Rep. John Knotwell juggles politics, business and family

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8:25 a.m.: Vice Chair of the House Business and Labor Committee walks in the door, fist bumps Rep. Jake Anderegg, and takes his seat.

Rep. John Knotwell, R-Herriman, is just 38 years old. He sits in what he calls “the rowdy corner” of young legislators on the House floor. He was named in Utah Business Magazine’s “Forty Under 40” in 2015, recognizing him as one of the state’s most successful young business people.

On top of serving in the Utah House of Representatives, Knotwell is the chief revenue officer at Steton Technologies, is finishing a master’s degree in business at Utah State University, and is still finding time at the end of each day for his “five crazies.”

“That guy is able to juggle more balls in the air than almost anybody I know,” said Shawn Dickerson, director of Solutions Marketing at Workfront and Knotwell’s former coworker.

Knotwell entered the political scene in 2011 when he ran for city council and lost. However, when his district split and opened up another seat, multiple people approached Knotwell and begged him to run. One of those people was Rep. Dan McCay, R-Riverton. He had only known him for three weeks.

“Honestly, I think it’s been one of my greatest legislative contributions is having John Knotwell be a part of the process. He really is a deliberative, intelligent lawmaker,” said McCay.

Knotwell stood out to McCay right away as one of those people who was honest. “They’re honest in the process, they’re honest in their thinking, and they’re honest with themselves—those are the people I want to be around. Those are the people I want to have policy conversations with,” McCay said.

Knotwell says the Legislature challenges him in a unique and fulfilling way. At work, he leads a 15-person sales team. At the Capitol, he is responsible for communicating with 40,000 voters. At work, he is a boss. On the Hill, he is “one among equals.”

He also gets to represent the voice of a Silicon Slopes tech company employee, a significant sector of Utah’s economy. In a group of lawmakers who are largely self-employed or have flexibility in their jobs, Knotwell has a boss at a fast-paced company relying on him. “The voice of the employee is often missing,” he said.

Knotwell rose through the ranks in software companies in part because of his systematic approach to business, according to his coworkers. He is data driven, does not makes decisions out of emotion, and does not subscribe to a freewheeling leadership style.

“He understood that sales and business was more science and process than we sometimes want to realize that it is,” said Dickerson.

He also had an uncanny knack for reading people. For Knotwell, increasing overall numbers means focusing on individuals and then putting them together.

“Leading people is about finding their individual, unique motivations and helping to drive those motivations to help them be independently successful on their own,” said Knotwell.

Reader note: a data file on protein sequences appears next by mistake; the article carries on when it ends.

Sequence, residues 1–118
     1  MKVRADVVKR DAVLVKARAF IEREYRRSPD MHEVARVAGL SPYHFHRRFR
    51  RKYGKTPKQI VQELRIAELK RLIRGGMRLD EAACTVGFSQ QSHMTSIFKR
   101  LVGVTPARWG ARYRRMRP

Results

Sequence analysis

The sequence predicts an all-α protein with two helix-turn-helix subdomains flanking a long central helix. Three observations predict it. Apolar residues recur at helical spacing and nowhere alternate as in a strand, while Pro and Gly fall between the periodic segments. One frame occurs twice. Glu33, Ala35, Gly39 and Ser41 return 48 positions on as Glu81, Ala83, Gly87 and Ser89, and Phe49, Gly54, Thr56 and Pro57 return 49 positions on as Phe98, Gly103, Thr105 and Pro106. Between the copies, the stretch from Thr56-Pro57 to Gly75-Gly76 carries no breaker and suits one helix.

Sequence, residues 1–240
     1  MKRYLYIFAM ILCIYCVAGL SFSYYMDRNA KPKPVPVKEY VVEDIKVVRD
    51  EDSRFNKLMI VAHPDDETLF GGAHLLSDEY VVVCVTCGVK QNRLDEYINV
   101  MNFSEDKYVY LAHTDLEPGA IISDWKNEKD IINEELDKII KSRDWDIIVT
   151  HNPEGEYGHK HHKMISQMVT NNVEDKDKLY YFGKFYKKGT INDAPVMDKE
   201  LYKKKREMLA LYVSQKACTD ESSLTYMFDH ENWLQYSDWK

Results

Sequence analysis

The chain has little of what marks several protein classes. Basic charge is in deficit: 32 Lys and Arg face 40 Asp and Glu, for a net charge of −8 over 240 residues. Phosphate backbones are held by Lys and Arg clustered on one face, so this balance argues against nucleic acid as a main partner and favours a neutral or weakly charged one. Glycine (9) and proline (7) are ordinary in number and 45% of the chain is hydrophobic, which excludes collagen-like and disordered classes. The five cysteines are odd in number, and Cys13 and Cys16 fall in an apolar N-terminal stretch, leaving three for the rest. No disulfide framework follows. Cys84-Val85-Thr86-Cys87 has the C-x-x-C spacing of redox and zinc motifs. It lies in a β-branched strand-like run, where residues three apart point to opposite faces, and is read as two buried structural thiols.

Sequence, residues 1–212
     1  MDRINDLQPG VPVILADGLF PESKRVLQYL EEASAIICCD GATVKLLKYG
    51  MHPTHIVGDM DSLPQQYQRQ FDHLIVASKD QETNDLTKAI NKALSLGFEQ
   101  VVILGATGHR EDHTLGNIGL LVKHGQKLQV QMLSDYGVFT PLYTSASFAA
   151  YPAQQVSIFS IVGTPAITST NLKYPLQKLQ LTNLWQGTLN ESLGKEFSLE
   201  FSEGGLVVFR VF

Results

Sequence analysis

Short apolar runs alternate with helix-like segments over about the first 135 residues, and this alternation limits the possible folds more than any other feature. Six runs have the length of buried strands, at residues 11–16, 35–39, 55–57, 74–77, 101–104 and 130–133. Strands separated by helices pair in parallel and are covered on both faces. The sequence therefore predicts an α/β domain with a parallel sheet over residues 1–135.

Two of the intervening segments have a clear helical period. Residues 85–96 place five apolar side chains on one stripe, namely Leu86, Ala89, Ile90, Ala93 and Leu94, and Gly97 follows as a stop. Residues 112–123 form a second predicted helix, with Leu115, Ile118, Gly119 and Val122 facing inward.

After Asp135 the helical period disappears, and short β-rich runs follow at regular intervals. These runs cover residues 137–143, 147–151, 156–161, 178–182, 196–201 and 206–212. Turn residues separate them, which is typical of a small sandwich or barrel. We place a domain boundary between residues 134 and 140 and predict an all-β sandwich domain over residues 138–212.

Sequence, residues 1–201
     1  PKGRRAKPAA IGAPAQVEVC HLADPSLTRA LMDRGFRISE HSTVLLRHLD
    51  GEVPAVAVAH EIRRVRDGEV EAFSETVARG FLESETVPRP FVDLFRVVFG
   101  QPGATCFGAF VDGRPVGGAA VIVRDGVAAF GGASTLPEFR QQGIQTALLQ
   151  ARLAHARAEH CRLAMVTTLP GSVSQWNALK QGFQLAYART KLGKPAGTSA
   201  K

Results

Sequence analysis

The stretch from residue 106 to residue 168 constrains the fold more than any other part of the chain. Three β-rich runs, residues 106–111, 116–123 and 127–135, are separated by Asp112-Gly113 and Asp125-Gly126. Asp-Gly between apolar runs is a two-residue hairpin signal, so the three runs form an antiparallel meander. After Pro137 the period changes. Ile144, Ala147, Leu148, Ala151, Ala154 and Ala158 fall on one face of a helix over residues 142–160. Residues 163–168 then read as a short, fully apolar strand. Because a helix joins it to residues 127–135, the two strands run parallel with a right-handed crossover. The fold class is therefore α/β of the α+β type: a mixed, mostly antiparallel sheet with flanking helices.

That ability serves him well in the House too.

“Sales and politics are not dramatically different. They’re both about trying to find consensus—between a buyer and a seller in the sales world or between two opposing viewpoints in the political world,” Knotwell said.

Associates say nnother key to Knotwell’s success: his famous sense of humor.

“He is, I would say, relatively stoic on the outside until you get to know him, and then he is a hoot,” said Ed McGarr, who worked with Knotwell at three different companies.

McCay says that people don’t often get to see representatives’ personal sides, but he rarely gets a call from Knotwell that doesn’t start out with a joke.

Dickerson said Knotwell struck a good balance between saying what needed to be said and being a “clown.”

“There was sort of an earnestness and a candor, a straightforwardness that I really appreciated, but also just fun,” Dickerson said.

McGarr says Knotwell is “an operational and strategic genius.” That shows in his ability to prioritize his insanely busy life.

At home, Knotwell and his wife have five kids ranging from ages three to 15. Having grown up an only child, he loves the fun of a big family.

With all that Knotwell has going on, he has to make conscious good use of his family time. He tries to get home to tuck his kids into bed at night and hear about their days and to stick around to see them off in the morning. The Knotwells safeguard their weekend time and love to travel, especially to the national parks.

Jill Knotwell said one of her favorite things about her husband is that they don’t fight. “We are very conscious of how we treat each other in front of our kids as well. We want them to see a loving marriage and a happy marriage,” she said.

His wife puts it simply: he is passionate. Passionate about his job, about politics, and with an undying dedication to her and their kids.

“He’s also a dapper dresser,” McGarr added as an afterthought. “He occasionally will show up at the office dressed almost as snazzy as Al Capone.”

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